Being a ‘hustler’ in today’s business world

Wednesday, July 25, 2018

If you are like me, and love musical dramas, you should be a fan of Lee Daniel’s Star. If not, oh well..

Expectedly the star of the series is Star, with all of her drama, fire and spirit. But my favourite character has remained Jahil, a washed-out music talent-manager, always looking for who to sell “the next big thing!”, and often coming close to mainstream success, but having it slip through his fingertips.

Image result for jahil star
Benjamin Bratt as "Jahil" in Star
 Notwithstanding his inability to sustain his trickling conquests, I have admired his (blindly?) optimistic spirit over the past three seasons; always up and about one new deal or the other. The one thing I took exception to was his ‘shady’ personal lifestyle, which though separate from his ear for genuine talent, raised eyebrows.

But everyone in the show acknowledged him as a ‘hustler’, and for some reason, even though he worked genuinely hard, this was not always made in the most positive light; he attracted scorn with the use of the description.

Why? Is being a hustler a bad thing??

While more conventional (online) dictionaries such as Oxford and Cambridge see a hustler as a person who “tries to trick another into giving them money”, a hustler is also defined in other sources as a street-smart person, working hard to make ends meet by “using his smarts, and outcunning everyone out there” (www.urbandictionary.com)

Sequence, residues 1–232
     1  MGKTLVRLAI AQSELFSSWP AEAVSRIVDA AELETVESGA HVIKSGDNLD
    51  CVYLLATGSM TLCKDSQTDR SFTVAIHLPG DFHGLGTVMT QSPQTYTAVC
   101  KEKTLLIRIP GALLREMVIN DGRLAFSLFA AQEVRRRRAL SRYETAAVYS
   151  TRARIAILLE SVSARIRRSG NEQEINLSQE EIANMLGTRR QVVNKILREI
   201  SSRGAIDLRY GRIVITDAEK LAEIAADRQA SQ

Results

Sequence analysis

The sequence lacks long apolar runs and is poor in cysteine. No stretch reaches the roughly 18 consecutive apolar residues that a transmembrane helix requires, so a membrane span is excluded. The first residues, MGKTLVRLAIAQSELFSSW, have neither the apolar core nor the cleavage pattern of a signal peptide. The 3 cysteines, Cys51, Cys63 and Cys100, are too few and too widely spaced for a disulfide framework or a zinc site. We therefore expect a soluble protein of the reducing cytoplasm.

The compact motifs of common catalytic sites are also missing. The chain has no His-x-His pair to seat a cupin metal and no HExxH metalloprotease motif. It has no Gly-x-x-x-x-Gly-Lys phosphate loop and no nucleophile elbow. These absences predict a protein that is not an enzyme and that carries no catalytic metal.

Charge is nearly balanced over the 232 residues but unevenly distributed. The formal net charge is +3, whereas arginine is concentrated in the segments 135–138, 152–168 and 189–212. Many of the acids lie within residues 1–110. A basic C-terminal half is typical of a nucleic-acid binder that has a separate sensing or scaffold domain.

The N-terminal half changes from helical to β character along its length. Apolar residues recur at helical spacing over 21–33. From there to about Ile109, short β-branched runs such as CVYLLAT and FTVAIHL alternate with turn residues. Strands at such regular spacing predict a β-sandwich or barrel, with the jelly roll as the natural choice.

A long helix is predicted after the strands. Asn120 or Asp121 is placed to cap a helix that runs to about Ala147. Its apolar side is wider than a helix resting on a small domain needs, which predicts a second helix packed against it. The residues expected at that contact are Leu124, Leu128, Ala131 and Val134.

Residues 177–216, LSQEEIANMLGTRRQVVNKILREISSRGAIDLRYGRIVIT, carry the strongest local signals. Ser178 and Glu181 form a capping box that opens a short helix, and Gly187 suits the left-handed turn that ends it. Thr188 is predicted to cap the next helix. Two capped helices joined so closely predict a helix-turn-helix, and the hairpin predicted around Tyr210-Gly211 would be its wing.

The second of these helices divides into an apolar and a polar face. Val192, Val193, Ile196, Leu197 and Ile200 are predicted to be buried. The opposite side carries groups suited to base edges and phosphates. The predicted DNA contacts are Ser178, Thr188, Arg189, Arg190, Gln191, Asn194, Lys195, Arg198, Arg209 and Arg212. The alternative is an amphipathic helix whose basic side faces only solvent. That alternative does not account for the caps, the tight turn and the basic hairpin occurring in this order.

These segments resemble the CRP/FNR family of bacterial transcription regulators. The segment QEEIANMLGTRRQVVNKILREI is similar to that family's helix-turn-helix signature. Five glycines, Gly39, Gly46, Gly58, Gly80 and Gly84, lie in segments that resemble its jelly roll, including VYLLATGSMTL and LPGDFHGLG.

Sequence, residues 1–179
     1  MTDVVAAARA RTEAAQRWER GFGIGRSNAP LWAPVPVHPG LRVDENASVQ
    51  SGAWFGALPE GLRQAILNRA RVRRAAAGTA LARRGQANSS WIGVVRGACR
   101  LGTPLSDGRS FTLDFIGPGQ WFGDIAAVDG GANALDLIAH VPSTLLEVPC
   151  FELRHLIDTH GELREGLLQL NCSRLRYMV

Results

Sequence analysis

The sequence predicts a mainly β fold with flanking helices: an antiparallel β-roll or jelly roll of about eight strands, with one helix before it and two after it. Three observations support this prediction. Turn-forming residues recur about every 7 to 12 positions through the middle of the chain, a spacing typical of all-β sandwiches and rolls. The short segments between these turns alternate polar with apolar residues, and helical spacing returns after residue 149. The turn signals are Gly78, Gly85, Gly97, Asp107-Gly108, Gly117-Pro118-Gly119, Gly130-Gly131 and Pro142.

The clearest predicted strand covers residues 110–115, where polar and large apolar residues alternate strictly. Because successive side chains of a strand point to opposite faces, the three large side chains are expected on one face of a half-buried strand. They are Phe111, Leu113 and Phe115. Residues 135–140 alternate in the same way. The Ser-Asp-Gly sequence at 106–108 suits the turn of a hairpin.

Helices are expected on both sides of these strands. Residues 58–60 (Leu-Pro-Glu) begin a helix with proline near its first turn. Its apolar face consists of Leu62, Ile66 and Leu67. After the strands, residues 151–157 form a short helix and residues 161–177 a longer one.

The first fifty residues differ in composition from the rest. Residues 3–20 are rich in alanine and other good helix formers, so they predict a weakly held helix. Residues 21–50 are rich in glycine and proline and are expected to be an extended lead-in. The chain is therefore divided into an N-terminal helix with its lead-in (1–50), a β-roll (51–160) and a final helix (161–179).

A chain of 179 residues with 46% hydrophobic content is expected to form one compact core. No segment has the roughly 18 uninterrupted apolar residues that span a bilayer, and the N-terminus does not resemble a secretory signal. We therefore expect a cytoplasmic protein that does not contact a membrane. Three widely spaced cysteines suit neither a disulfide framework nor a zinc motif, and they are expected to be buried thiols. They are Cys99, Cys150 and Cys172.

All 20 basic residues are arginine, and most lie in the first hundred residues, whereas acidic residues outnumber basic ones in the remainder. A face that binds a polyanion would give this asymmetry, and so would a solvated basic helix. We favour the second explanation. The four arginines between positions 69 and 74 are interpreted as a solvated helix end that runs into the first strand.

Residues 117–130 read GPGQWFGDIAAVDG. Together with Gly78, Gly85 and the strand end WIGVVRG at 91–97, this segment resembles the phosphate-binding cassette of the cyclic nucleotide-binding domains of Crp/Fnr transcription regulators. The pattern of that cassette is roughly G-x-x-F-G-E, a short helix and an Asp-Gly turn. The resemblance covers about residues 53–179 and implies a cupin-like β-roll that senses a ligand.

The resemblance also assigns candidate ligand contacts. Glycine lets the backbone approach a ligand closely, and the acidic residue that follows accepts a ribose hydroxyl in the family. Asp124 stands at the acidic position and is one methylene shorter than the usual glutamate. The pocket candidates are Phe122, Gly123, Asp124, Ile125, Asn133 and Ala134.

(Sounds familiar?)

Keeping it real… a lot of us would well fall into this latter definition of hustler, especially in today’s business world where certificates simpliciter no longer suffice to keep one ahead in their chosen field.

A hustler is that person who is always one step ahead of everyone else, finding the next untapped potential, and turning it into a thriving business opportunity.

Argue all you want, keeping one’s head well above water in the business world requires being a (well-bred) hustler. For example, people like me, who new to a particular environment, will put themselves out there to sell their exceptional products, services or skills, in order to compete equally with other professionals in their field, and carve out their own niche.

In case you missed the memo, “Networking”, “Entrepreneurship”, “Consultant”, “Contractor” and even “Politician” are all bourgeoisie euphemism for describing the art of hustling.

You know that inventor always looking to sell a new invention, or app?? That too  is a hustler.

So hustling - or being a hustler - is not a bad thing in itself, per se.

But…

(You knew the ‘but’ was coming… right?)

There are ways you can go about your hustling, which would ensure it is a totally good thing, and not subject you to the scorn and derision with which Jahil was always met.

For starters, your hustle has to be legit.

I mean, this goes without saying that if you are known to hustle in things that would pit you against the law (or your side-hustle is pseudo-illegal), you would be a pariah, and a lot of legal businesses would want to have nothing to do with you.

Even if your hustle is legit, do not be like Jahil and maintain a rather unattractive personal lifestyle, which could invariably affect your professional hustle, and make potential investors or business associates question if they want to be associated with you.